Intersectionality. Equity and Inclusive Communities recognizes that lived experience, particularly experiences of marginalization, may be informed and impacted by the multiple ways in which a person identifies or is identified. Identity may be derived from demographic dimensions that include Indigeneity, gender, race, ability, creed, age, socio-economic background, sexual and gender identity, gender expression, ethnicity, and nationality.
Sustainability. To achieve a culture of individual distinctiveness and belonging, approaches to enhance the inclusivity of structures, practices, and values must be shared, embraced and instilled across the university as a strategic priority. As institutional capacity grows, an inclusive culture becomes self-sustaining and ultimately, transformational.
Human Rights. The basic tenet of the Ontario Human Rights system as it applies to the university is to ensure that all members may learn and work with dignity and have equal access to services and opportunities without discrimination or harassment on the grounds of race, ancestry, place of origin, colour, ethnic origin, citizenship, creed, sex, sexual orientation, gender identity, gender expression, age, marital status, family status, disability. In certain contexts, the prohibited grounds extend to receipt of public assistance, and record of offences. Human Rights in Ontario is a legal and compliance framework.
Equity. The principle of equity refers to fair access to opportunity and services for all, recognizing that members come to the university with relative advantages and disadvantages. Equity considerations extend beyond issues of legal human rights compliance, take up issues of demographic representation and underrepresentation, and examine questions of power and resource allocation.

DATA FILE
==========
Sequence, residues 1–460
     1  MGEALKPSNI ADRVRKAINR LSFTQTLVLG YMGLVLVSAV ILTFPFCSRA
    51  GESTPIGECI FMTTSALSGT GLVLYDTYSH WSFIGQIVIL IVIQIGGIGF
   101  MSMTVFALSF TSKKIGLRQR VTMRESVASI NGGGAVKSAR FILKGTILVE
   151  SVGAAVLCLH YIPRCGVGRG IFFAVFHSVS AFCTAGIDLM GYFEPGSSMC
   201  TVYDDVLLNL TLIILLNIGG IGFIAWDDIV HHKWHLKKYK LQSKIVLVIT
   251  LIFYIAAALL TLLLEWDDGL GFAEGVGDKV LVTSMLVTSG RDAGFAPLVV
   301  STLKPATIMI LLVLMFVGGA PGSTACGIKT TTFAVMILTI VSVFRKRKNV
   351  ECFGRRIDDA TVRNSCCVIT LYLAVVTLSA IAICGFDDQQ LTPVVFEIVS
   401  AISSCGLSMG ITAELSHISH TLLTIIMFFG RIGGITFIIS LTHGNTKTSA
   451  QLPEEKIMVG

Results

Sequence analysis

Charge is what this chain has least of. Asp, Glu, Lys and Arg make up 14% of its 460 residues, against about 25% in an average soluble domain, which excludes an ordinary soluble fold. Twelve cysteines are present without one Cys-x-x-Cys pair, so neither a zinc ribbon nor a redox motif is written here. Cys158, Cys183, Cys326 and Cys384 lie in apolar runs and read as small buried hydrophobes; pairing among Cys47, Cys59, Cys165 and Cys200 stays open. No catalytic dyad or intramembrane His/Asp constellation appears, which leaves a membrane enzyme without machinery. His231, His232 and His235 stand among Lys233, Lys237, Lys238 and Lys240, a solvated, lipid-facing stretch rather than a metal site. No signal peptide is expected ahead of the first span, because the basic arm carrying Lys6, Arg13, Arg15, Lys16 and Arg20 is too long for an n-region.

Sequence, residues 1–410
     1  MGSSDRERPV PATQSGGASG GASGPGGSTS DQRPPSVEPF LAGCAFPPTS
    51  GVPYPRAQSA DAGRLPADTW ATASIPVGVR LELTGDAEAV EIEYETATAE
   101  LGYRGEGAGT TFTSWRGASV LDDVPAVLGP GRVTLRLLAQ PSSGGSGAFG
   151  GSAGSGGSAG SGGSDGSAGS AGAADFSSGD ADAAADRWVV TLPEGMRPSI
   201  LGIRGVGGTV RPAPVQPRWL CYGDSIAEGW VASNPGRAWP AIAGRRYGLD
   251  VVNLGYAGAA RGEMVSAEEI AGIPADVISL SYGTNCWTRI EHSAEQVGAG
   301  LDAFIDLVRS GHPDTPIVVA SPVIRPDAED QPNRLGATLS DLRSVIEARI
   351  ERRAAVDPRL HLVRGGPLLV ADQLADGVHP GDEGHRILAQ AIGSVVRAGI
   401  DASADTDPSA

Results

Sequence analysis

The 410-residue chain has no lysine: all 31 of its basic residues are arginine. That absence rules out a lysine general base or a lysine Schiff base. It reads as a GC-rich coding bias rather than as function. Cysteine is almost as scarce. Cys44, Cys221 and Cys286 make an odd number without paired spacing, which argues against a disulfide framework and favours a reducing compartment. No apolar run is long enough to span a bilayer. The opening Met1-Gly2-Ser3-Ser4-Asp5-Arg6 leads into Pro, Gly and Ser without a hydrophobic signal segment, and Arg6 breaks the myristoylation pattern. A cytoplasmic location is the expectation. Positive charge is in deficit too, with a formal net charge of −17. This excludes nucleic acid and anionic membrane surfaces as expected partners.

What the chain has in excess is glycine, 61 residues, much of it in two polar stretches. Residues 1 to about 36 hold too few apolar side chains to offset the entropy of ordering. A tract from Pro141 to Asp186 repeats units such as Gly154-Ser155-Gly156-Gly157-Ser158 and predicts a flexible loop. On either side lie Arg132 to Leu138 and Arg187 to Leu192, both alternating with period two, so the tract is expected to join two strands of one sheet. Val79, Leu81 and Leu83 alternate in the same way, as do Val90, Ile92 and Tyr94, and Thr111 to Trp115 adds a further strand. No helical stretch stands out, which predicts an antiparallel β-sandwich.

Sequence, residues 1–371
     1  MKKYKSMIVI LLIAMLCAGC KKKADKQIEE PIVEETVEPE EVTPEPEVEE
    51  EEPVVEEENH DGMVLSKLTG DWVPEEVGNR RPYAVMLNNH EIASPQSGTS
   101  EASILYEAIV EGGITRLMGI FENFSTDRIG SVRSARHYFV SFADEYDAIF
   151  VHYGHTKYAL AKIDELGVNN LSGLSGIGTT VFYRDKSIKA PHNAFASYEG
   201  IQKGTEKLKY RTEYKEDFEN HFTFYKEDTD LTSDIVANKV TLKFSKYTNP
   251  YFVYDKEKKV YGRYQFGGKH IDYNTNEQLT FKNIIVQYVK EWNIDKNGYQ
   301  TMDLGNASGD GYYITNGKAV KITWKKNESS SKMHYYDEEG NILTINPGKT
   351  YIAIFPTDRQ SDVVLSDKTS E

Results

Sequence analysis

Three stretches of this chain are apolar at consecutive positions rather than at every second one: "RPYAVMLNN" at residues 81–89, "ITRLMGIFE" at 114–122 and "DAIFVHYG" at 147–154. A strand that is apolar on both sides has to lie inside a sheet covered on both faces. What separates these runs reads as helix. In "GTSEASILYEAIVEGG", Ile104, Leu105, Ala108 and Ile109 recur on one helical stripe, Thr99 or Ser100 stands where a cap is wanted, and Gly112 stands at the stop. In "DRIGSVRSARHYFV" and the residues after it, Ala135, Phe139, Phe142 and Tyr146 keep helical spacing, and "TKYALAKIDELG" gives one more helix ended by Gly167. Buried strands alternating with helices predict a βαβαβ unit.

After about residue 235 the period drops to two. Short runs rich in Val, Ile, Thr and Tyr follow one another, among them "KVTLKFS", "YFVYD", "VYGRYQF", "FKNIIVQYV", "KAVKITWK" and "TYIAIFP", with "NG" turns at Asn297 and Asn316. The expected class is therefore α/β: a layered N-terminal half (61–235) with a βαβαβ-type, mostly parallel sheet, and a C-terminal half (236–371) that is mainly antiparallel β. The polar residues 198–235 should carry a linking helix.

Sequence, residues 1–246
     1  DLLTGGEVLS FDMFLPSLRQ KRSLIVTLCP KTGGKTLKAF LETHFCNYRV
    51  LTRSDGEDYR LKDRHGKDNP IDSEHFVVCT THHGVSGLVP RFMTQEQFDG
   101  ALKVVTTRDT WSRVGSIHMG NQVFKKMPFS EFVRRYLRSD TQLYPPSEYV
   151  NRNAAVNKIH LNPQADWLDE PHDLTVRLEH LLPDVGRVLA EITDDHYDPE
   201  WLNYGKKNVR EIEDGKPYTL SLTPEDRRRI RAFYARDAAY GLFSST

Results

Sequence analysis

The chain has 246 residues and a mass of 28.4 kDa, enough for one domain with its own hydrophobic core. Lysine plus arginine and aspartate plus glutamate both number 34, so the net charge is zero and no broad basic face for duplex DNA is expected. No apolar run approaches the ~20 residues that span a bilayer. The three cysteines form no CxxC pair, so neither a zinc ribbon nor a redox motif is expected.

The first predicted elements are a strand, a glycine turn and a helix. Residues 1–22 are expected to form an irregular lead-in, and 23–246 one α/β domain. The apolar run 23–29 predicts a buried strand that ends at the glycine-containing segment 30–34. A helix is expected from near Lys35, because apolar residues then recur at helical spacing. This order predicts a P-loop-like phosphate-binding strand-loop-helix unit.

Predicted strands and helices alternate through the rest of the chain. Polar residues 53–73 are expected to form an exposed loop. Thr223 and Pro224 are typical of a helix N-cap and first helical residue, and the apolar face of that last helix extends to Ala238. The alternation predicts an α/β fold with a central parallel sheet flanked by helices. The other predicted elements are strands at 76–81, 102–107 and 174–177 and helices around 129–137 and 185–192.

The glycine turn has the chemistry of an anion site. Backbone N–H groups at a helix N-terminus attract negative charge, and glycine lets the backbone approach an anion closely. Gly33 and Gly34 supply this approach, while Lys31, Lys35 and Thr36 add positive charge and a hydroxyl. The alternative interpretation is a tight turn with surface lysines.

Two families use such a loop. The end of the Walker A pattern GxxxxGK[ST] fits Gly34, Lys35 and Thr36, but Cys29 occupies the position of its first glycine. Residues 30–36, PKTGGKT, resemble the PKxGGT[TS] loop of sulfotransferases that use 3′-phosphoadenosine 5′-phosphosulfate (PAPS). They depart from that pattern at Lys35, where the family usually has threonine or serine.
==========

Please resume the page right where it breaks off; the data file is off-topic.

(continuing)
Diversity. Diversity in an institutional sense, describes the representation of various demographic segments and dimensions of identity within a population.
Inclusion. Inclusion refers to the ongoing process of proactively cultivating difference so that each individual can bring their whole selves and achieve their full potential in service of common objectives.
Inclusive Communities. For members to bring their whole selves in the pursuit of personal and institutional excellence, as much value must be assigned to their attachments to multiple potential identities and distinct lived experiences as to their sense of belonging to a common enterprise. This concept of Inclusive Communities therefore extends our understanding of Carleton University as a community of communities.
Inclusive Communities is also a process and practice of cultivating the inherent distinctiveness of each of our members while nurturing and growing points of connection and cohesion. It is the enabling of exploration and discovery at the borders of ideas, values and experience. Residing at the heart of innovation, interdisciplinarity, collaboration and engagement, supporting Inclusive Communities is critical to our current and future success in a globalized higher education context.